Several night hikes sweetened with resin from the Firs. At night they don't fold in but the higher one goes the more they sway, and at the very top they are dwarfed by the elements, grow sideways, or squat and thick, or in a circular way, the bark twisting slowly over years.
The air at this altitude is still quite cool and dips even lower after dark. Though the dark takes some time to descend, when it does it seems sudden, almost heavy, and sweet.
Is it possible trees are more comfortable at night?
It was in Banff that I came to know the second blue hour, that of the 4 am variety. Up and around as plates shift deep under the earth, resonating up one's spine.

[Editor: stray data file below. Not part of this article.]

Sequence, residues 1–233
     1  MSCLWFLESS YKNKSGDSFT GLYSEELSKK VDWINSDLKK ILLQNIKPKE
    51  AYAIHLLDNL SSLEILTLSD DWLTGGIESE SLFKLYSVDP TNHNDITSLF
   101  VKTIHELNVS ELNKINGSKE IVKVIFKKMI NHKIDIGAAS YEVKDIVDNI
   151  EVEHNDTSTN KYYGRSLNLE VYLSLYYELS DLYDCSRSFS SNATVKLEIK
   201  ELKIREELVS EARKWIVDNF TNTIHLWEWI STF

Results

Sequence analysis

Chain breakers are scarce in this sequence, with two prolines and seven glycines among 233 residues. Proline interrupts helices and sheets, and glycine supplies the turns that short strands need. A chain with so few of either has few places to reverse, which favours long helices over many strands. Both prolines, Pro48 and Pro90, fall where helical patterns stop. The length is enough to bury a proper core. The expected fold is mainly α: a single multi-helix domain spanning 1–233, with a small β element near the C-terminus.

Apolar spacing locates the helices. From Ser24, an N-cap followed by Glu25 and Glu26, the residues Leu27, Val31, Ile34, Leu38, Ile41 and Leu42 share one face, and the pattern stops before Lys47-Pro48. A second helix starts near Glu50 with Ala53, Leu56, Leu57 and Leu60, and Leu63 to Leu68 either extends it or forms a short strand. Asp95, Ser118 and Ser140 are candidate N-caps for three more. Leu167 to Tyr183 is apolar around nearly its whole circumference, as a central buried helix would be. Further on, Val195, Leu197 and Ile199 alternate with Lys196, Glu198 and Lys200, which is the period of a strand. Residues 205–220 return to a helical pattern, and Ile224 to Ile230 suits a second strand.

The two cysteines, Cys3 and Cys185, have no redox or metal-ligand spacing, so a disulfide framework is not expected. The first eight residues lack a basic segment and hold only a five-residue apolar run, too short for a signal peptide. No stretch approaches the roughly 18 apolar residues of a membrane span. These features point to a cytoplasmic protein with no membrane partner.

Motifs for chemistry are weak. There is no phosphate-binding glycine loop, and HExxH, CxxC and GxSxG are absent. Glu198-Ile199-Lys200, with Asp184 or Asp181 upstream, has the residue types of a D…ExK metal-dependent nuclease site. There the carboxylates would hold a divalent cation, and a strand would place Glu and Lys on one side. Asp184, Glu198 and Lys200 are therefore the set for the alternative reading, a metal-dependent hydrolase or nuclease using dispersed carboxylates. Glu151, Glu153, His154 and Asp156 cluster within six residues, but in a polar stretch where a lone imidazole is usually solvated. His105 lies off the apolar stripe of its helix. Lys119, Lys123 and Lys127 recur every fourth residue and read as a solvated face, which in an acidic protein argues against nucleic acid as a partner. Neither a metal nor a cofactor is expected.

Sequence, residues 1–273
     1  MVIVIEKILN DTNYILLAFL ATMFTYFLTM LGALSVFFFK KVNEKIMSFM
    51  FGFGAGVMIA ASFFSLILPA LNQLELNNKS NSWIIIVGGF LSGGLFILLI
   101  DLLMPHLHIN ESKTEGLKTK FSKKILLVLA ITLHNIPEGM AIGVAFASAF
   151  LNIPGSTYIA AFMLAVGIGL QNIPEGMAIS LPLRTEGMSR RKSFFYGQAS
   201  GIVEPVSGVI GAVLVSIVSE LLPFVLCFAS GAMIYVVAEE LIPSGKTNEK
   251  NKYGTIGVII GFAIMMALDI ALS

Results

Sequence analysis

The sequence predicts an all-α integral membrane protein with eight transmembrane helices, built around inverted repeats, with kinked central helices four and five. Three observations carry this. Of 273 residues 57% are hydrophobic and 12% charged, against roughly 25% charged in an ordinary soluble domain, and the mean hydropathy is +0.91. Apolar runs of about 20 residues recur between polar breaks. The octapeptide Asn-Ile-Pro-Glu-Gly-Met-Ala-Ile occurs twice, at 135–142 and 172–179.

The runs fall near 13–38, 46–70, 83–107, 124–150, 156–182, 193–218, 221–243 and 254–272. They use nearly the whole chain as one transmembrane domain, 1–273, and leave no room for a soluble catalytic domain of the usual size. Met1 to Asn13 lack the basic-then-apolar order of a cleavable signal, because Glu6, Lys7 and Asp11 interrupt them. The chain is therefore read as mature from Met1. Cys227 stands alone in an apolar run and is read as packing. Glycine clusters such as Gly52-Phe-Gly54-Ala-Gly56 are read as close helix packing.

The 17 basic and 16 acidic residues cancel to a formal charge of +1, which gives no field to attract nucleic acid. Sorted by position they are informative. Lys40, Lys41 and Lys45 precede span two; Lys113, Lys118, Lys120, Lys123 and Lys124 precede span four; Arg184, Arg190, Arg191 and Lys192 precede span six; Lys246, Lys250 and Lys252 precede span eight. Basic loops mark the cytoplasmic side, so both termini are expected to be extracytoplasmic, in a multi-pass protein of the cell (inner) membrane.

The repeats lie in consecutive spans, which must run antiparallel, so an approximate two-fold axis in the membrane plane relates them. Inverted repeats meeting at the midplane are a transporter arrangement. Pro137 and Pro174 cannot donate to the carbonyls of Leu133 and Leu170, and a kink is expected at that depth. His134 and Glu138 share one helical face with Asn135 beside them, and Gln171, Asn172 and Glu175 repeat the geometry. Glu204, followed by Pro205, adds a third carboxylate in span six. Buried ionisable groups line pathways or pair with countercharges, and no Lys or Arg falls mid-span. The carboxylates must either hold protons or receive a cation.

And in the marshy land to the west of town Elk gather, ducks can be heard, if not seen, landing somewhere amidst the grasses.
I really need to get my hands on Christopher Dewdney's Acquainted With the Night. Though I prefer to chart my own way through the unknown, a tip every now and then is helpful.